Atrial Fibrillation Susceptibility Alleles on
Chromosome 4q25 Modulate Response to
Dawood Darbar, MBChB, MD, FACC
Divisions of Cardiovascular Medicine and Clinical Pharmacology, Vanderbilt University School of Medicine,
Correspondence to: Dawood Darbar, MD, Division of Cardiovascular Medicine, Vanderbilt University School of Medicine, 2215B Garland Avenue, Room 1285A MRB IV, Nashville.
In the last five years, increasing evidence has emerged for a genetic predisposition to atrial fibrillation (AF). Framingham Heart Study investigators observed that the odds of developing AF were three times higher for individuals with at least one parent in whom AF was diagnosed before the age of 75 than in those without a parental history of AF.1 Similarly, in a large group of Icelanders, the risk of developing AF was increased nearly five-fold if one parent was affected before the age of 60.2 Furthermore, single rare genetic variants thought to be responsible for familial AF have been identified.3 Multiple genetic loci and mutations in ion channels,4 gap junction proteins,5 and signaling molecules6 have been described in Mendelian forms of AF. However, the extent to which genetic factors contribute to the more common forms of AF remained unclear until the advent of genome- wide association studies (GWAS).
Genome-wide association studies have been made possible by advances in genotyping technology that allow investigators to assay hundreds of thousands of single nucleotide polymorphisms (SNPs) spread over the entire human genome. In the first GWAS of AF, a strong association was discovered between AF and a haplotype block on chromosome 4q25.7 Within this locus, two non-coding SNPs were independently associated with AF and these findings were replicated in two populations of European descent and one of Asian descent. The SNP most strongly associated with AF, rs2200733, conferred a 1.71 fold increased odds of AF (P = 6.1 x 10-41) while the other SNP, rs10033464, conferred a 1.42 fold increased odds of AF (P = 3.1 x 10-11). Although the mechanism for this observed association remains unknown, both variants are adjacent to the PITX2 gene, which is critical for cardiac development. In knockout mice, pitx2c has been implicated in the formation of the extension of left atrial myocardium into the pulmonary veins;8,9 since abnormal automaticity in this region is now implicated as a common driver for many forms of AF,10 PITX2 is an obvious candidate gene. We worked with others to replicate this association in a study of four large populations,11 and showed that the association also holds in post-cardiac surgery AF,12 a setting thought to be related to inflammation.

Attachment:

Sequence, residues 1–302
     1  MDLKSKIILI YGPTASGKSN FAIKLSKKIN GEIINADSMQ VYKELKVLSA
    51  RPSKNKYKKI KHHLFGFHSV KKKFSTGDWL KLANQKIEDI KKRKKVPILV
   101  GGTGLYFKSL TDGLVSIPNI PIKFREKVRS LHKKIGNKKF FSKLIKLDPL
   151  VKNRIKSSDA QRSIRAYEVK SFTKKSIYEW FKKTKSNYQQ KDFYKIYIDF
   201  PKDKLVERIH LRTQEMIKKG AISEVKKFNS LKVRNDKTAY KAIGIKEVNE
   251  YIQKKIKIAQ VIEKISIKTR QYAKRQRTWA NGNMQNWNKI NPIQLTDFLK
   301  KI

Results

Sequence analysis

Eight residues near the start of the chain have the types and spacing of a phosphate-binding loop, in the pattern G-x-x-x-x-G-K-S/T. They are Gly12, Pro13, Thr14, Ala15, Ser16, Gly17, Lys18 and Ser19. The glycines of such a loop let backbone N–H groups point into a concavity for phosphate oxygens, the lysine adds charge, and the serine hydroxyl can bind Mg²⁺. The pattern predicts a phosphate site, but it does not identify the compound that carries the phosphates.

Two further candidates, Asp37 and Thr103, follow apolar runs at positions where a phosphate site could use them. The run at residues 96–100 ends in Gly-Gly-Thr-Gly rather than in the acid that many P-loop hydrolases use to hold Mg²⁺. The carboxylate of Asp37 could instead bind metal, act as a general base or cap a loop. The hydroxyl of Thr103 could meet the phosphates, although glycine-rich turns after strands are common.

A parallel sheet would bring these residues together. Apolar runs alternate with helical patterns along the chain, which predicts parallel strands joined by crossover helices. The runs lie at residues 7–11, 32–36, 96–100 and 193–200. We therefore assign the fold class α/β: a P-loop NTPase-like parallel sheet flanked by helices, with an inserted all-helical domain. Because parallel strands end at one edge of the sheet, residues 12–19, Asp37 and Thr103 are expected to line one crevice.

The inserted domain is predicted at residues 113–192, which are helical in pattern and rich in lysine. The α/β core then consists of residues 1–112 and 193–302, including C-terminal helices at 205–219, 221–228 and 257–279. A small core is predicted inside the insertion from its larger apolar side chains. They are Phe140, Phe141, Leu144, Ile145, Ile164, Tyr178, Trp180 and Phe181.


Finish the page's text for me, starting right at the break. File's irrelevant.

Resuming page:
In a recent study published in the Journal of the American College of Cardiology, Husser et al.13 examined whether the AF-susceptibility alleles on chromosome 4q25 were associated with AF recurrence after catheter ablation. The study included 195 consecutive patients with drug-resistant paroxysmal or persistent AF who underwent left atrial ablation with isolation of the pulmonary veins. Recurrence of AF was detected by performing 7-day Holter recordings, immediately after the procedure and at 3 and 6 months. In 37% of the patients, AF recurred within 7 days and late recurrence (between 3 and 6 months) was observed in 21% of the patients. Surprisingly, none of the clinical and baseline echocardiographic characteristics that have previously been associated with AF recurrence (e.g., advanced age, left atrial enlargement) were associated with AF recurrence. In contrast, the presence of either of the common polymorphisms (rs2200733 and rs10033464) on chromosome 4q25 was associated with in creased risk of both early and late AF recurrence. The study by Husser et al.13 is the first study to introduce the concept of common genetic variants modulating response to catheter ablation for AF. The ability to risk stratify individuals based on pre-procedural characteristics is highly desirable as the procedure is not only expensive but also associated with significant morbidity and mortality. Determining whether patients are at increased risk for both early and late recurrence of AF based on the presence of AF-susceptibility alleles would be an important first step towards ‘personalizing therapy’ for individual patients. However, it should be appreciated that many putative factors (e.g., type of AF, clinical characteristics, biomarkers, presence of structural heart disease and concomitant medications) have been associated with AF recurrence after ablation. Although the study has many strengths including the prospective design, consecutive series, and the rigorous assessment for recurrent AF with Holter monitoring, the findings will need to replicated in larger and more diverse populations. Furthermore, the additive role of genetic variants in risk stratification of patients undergoing pulmonary vein ablation will need to be determined. Another important issue raised by the study relates to potential mechanisms of AF recurrence after radiofrequency catheter ablation. The study strongly suggests that both early and late AF recurrence share a common genetic link. Although it is now accepted that early and late recurrence of AF are interrelated, an improved understanding of how these genetic variants increase AF susceptibility may not only provide valuable insight into AF mechanisms in general but also specific mechanisms underlying AF recurrence after catheter ablation. The study by Husser et al.13 Reviewalso reinforces the importance of including a genetic component to the next generation of large AF trials such as CABANA (Catheter Ablation Versus Antiarrhythmic Drug for Atrial Fibrillation). Importantly, the CABANA trial steering committee recently approved the creation of CABANAgene: a resource that will accumulate DNA samples from CABANA subjects to enable subsequent genotype-phenotype studies. Some examples of issues that CABANAgene could address include predictors of response to antiarrhythmic or rate control drug therapies; predictors of response to warfarin therapy; predictors of response to ablation therapy and clinical and genetic approaches to defining AF subtypes. Although common polymorphisms on chromosome 4q25 appear to modulate response to catheter ablation, two additional AF susceptibility loci on chromosomes 16q22 and 1q21 have recently been identified.14,15 The role of these variants in determining response to ablation will also need to be determined. Ultimately, however, there is an urgent need to develop a robust clinical risk algorithm for AF which may include genetic variants. Such an algorithm would be invaluable not only in guiding catheter ablation therapy but also improving clinical outcomes in patients with AF.